The U.S. Commerce Department has proposed anti-dumping duties on plastic shopping and grocery bags exported to the U.S. by certain companies in Thailand and China.
A preliminary ruling published this month in the Federal Register proposes the highest possible anti-dumping duty of 122.88 percent on plastic bags from Master Packaging Co. Ltd. of Bangkok, and a 22.02 percent duty on bags from Thai Plastic Bags Group.
TPBG, which consists of Thai Plastic Bags Industries Co. Ltd., Apec Film Ltd. and Winner's Pack Co. Ltd., is based in Sampran, Thailand, about 30 miles outside of Bangkok.
Both rates are also the anti-dumping cash-deposit rates those companies would have to pay going forward if the preliminary determinations are made final. A decision is expected later this year or early next year.
The Commerce Department said it assigned the highest possible anti-dumping duty on Master Packaging because the company did not respond to the agency's request for information: Because Master Packaging has failed to provide the information we requested and thus has significantly impeded this proceeding, we conclude that the use of adverse interference is warranted.
The preliminary determinations against Thailand plastic bag manufacturers completes the agency's annual administrative review of a 2004 anti-dumping order on imports of plastic grocery and shopping bags from Malaysia, Thailand, and China.
The Malaysian ruling was published in the Federal Register July 9, the Chinese ruling on July 29.
In its ruling on Thailand bag exports, officials said the anti-dumping cash-deposit rate will remain at the most recent company-established rate for five Thailand bag exporters previously reviewed C.P. Packaging Co. Ltd., C.P. Poly-Industry Co. Ltd., Naraipak Co. Ltd., Nari Packaging (Thailand) Ltd. and Poly Plast (Thailand) Ltd. The cash-deposit rate for bags from all other Thailand companies would be 2.8 percent.
The Commerce Department rulings additionally maintain anti-dumping cash-deposit rates for Malaysian and Chinese companies, without individually established company rates, at 84.94 percent and 77.57, respectively.
Plastic bags from the Chinese firm of Rally Plastics Co. Ltd. that were exported to the U.S. between Aug. 1, 2007 and July 31, 2008 would be levied anti-dumping duties of 17.95 percent, and be subject to an anti-dumping cash-deposit rate of 17.95 percent, if the preliminary results are made final.
Likewise, as previously reported, plastic bags from Malaysia's Euro Plastics Sdn Bhd would be subject to anti-dumping duties of 43 percent for exports made to the U.S. during that same period and would be subject to a 43 percent anti-dumping cash-deposit rate going forward.
Rally Plastics, Euro Plastics, TPBG and Master Packaging would also have to pay interest on the anti-dumping duties for the period that was reviewed by the Commerce Department.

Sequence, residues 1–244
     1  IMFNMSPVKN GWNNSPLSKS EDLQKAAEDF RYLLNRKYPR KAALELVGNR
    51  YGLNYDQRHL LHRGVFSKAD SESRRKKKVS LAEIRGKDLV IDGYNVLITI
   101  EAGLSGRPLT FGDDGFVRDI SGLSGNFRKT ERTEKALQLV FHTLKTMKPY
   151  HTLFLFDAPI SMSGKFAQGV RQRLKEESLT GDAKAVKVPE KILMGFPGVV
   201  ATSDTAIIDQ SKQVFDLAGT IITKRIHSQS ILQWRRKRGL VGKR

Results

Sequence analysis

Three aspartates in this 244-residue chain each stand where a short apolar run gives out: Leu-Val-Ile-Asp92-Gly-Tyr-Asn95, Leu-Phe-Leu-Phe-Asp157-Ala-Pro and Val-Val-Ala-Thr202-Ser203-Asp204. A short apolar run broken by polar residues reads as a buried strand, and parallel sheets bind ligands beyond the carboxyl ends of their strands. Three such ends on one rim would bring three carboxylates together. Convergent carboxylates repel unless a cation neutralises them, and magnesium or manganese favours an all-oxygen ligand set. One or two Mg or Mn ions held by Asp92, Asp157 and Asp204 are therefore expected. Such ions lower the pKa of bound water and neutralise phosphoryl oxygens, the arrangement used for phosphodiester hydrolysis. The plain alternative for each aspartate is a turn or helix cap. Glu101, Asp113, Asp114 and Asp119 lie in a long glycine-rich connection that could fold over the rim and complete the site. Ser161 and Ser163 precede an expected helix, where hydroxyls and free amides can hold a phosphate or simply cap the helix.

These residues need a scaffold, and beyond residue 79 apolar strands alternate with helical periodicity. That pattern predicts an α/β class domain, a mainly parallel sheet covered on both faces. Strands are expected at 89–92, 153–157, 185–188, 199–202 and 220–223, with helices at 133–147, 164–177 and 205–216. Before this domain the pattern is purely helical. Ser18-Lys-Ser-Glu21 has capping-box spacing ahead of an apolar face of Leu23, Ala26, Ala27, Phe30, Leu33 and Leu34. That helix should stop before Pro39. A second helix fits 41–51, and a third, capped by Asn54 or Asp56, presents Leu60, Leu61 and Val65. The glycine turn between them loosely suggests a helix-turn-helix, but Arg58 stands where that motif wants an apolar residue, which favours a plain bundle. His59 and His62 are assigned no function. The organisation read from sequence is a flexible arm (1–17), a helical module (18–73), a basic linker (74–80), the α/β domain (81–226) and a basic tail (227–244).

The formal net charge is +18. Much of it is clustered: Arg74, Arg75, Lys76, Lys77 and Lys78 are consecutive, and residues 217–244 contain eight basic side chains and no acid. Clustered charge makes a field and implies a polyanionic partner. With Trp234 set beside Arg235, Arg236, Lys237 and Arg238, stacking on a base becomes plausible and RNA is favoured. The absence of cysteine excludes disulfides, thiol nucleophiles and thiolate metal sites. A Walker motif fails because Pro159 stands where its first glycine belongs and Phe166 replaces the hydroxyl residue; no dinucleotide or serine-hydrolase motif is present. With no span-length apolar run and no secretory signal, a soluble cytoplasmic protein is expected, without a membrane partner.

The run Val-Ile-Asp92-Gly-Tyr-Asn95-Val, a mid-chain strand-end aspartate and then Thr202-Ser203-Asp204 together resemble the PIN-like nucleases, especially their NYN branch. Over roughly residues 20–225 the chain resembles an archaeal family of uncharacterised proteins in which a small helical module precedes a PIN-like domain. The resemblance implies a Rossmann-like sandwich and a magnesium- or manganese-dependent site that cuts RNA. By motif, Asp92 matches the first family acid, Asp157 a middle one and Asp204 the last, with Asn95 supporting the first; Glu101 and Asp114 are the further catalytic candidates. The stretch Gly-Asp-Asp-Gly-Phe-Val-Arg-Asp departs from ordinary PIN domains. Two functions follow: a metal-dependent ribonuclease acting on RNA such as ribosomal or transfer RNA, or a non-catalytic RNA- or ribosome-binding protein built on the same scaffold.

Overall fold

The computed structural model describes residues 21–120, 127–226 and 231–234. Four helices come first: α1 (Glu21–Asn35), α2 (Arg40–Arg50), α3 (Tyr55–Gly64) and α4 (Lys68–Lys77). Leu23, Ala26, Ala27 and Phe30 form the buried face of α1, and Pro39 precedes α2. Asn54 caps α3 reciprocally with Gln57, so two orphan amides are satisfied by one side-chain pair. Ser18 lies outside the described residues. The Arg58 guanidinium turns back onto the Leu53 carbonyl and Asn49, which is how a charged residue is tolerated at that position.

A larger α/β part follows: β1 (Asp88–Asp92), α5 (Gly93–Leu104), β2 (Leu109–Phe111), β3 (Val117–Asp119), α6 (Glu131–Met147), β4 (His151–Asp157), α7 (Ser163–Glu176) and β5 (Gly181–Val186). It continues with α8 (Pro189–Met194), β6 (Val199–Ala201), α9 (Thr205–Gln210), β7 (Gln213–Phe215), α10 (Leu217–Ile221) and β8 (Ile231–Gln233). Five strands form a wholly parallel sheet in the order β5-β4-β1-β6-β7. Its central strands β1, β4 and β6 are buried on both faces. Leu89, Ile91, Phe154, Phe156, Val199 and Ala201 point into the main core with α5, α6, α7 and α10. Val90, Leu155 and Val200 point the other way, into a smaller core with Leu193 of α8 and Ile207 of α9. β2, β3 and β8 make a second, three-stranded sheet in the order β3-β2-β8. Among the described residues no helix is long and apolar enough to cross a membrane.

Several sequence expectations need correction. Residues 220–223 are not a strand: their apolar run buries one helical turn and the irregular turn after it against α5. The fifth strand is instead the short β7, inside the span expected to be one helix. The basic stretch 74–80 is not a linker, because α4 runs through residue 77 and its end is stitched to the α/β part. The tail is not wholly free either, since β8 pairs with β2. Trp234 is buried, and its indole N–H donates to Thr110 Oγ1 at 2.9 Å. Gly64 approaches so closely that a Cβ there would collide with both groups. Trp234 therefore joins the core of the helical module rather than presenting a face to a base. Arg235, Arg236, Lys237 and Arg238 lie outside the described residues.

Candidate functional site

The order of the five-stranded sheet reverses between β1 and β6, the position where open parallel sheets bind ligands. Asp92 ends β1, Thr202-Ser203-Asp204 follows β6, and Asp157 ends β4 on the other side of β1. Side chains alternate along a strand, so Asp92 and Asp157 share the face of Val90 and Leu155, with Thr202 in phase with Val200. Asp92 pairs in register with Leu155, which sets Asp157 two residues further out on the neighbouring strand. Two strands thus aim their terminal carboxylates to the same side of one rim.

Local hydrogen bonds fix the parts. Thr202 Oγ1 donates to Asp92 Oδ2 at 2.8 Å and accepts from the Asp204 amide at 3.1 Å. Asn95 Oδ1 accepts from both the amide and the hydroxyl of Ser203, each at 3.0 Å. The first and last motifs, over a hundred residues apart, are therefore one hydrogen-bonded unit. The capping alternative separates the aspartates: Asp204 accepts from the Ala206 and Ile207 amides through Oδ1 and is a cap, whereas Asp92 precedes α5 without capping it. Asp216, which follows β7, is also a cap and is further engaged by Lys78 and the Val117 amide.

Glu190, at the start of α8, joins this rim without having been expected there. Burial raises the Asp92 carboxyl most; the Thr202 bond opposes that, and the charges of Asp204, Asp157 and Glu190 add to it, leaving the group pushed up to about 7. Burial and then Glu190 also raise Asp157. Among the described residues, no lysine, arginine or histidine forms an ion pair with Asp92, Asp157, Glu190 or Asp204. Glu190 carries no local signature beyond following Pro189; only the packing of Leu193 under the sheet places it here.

Rally Plastics is based in Zhongshan, China, and exports its bags to the U.S. primarily through Keenpac North America Ltd. in Goshen, N.Y.
Euro Plastics, based in Shah Alam, is part of Euro Packaging plc of Birmingham, England. Euro Plastics exports bags from Malaysia to the U.S. primarily through Euro Packaging LLC, its affiliated reseller in Salem, N.H.
The original petition resulted in anti-dumping duties ranging from 20-122 percent on bag exporters in China, Malaysia and Thailand.
Acting on a similar petition filed in March, the U.S. International Trade Commission ruled May 14 there is reason to believe plastic grocery and shopping bags from Indonesia, Taiwan and Vietnam are being sold in the U.S. at prices anywhere from 28-96 percent below their fair value.
The Commerce Department estimated the dumping margins at 76-96 percent for bags imported from Taiwan, 35-60 percent for bags from Indonesia, and 28-76 percent for bags from Vietnam.
The department also is investigating two policy lending programs, three grant programs, three income-tax programs, and three import and value-added-tax exemption plans from the Vietnamese government to determine whether to impose countervailing duties against Vietnam.
A preliminary ruling on the anti-dumping and countervailing duties is due Sept. 7, with a final ruling between December and April.
The number of plastic shopping bags exported from Indonesia, Taiwan and Vietnam has more than doubled, from 6.8 billion in 2006 to 14.6 billion in 2008. Their combined market share has jumped to 15 percent from 7 percent, said Joseph Dorn, a partner in the Washington law office of King & Spalding LLP, which represents a coalition of U.S. producers that brought the anti-dumping petitions.
In that same time frame, he said, the value of bags exported from those three countries has nearly tripled from $63.5 million in 2006 to $182 million in 2008.
A dumping petition charges a company with selling its product in the U.S. at a lower price than it sells that same product in its own country, or at a price lower than its cost of making the product. A countervailing duty petition alleges that a foreign government is providing financial assistance to benefit the production, manufacturer or exportation of a product.
Since the U.S. International Trade Commission and Commerce Department rulings in 2004, a number of China-based retail-bag manufacturers have moved packaging operations for those products to Vietnam. Commerce statistics now put Vietnam as the second-largest exporter of plastic retail bags to the U.S., and calculated the value of those exports at nearly $86 million in 2008, compared with roughly $19 million in 2006. Import taxes on bags from Vietnam are currently less than 5 percent.
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